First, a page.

As a reminder, Spy Academy is a four week program, running for an hour once a week. I have it open for ages 6-11 and the biggest thing was that I needed the kids to be able to read.
This has probably been one of my favorite programs to do and I know the kids enjoyed it a ton too (have already had some ask when they can sign up for next year–ay caramba!)
MATERIALS NEEDED: cut out popular characters, tape
Every good spy needs to make sure their interrogation skills are on point! We played a well known game for this one (although I’m not sure if it has a name?) and it was a HUGE hit and a ton of fun. I printed out a bunch of different characters (many book characters but also pop culture ones) and taped one to each kids back. The kids then had to try and guess their character using only yes/no questions. We played for about 15 minutes and then the remaining kids we all worked as a group to help them figure out their character. All in all, a lot of fun, and it got the kids up and moving which is important!
MATERIALS NEEDED: Masking tape, scissors (we used painters tape bc we had a lot of it from a previous program)
Is it weird that I had a bunch of 6-11 year olds pose as dead bodies and tape outline each other? Maybe. Did they have fun doing it? Definitely.
To make this one go as smoothly as possible I split them up into groups of 3 and within their group they took turns taping and lying down. I was very proud of their awesome teamwork as well :)
MAKE A DISGUISE
MATERIALS NEEDED: Tape, glue, scissors, construction paper
A good spy also knows how to blend in or be undercover… disguises were definitely needed! I printed a bunch of glasses and mustaches printables from online but I think the kids has more fun creating their own (like in the picture below).
MORSE CODE BRACELETS
MATERIALS NEEDED: Morse code translator, pony beads, string
This one was a little tricky and some of the younger kids just ended up making regular bracelets BUT the kids that understood it thought it was super awesome that they could make a secret message of their name. Basically they needed three colors: one for the dot, one for the dash, and one for a spacer between letters (this was often white or black). They each had a morse code cheat sheet in their TOP SECRET folders from the first week (and I had extras for the kids who were newcomers). By assigning one color to a symbol they could spell out their name!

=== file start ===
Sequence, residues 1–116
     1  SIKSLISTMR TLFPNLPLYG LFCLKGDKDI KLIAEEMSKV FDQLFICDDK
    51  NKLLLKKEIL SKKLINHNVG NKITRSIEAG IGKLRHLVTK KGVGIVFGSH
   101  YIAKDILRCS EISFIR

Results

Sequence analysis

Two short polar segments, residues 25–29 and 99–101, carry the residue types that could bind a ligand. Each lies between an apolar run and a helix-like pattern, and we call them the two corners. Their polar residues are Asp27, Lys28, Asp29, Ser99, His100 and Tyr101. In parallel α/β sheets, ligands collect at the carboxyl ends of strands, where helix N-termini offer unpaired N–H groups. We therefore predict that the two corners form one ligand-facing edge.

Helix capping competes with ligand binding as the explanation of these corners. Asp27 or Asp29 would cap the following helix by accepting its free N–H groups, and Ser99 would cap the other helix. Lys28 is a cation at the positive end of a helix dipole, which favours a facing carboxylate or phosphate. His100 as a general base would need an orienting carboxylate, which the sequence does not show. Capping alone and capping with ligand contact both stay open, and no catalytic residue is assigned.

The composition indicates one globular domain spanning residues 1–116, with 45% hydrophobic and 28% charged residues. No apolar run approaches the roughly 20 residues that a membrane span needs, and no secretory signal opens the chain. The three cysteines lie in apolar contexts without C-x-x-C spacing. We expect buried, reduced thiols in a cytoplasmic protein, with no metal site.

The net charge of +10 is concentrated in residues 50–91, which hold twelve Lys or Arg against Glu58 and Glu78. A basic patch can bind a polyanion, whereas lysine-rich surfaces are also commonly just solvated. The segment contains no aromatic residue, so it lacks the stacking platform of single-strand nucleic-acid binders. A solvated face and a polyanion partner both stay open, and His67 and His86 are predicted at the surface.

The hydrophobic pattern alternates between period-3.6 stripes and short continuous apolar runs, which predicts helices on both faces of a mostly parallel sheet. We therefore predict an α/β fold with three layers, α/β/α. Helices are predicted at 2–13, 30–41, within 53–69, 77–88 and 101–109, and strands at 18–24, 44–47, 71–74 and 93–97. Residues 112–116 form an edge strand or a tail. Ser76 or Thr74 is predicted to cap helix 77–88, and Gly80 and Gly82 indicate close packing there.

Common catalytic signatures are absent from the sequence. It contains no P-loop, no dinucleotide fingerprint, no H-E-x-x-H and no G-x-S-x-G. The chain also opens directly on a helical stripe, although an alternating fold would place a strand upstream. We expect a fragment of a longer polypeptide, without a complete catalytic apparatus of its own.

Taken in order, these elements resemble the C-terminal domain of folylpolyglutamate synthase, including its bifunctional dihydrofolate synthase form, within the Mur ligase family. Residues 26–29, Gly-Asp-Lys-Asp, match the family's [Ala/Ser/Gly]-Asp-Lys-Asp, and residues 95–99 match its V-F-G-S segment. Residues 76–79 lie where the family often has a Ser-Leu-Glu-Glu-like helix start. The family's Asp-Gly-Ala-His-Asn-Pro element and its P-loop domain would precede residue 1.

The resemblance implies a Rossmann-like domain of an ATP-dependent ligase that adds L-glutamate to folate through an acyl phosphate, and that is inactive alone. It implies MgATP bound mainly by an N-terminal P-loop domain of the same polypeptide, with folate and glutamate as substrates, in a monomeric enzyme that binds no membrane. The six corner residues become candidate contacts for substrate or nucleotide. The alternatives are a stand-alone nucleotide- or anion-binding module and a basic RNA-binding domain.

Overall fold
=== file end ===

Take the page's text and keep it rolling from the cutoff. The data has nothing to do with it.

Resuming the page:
MATERIALS NEEDED: discarded magazines, paper, glue and scissors
SOLVE A MYSTERY
This was a huge hit and the kids got VERY into it! I videotaped a couple teens (who were more than willing to help me) in a “crime scene” where one “stole a book”. We had witnesses and suspects. The kids had to compare the teen in the crime scene with the suspects we interviewed. They also went to the crime scene (in the teen zone) and interviewed the teen library assistant who gave them more clues such as a shoeprint that was found in the snow. It didn’t take long for me to film or edit as it was all very low-tech.
If you do this, make sure you tell your kids at the end that it was all pretend because they all seemed to believe it and were very disappointed in the teen who ended up “stealing” until I told them it was pretend at the end.
I HIGHLY recommend this program to childrens and tween/teen librarians. If you have any more logistical questions feel free to comment!!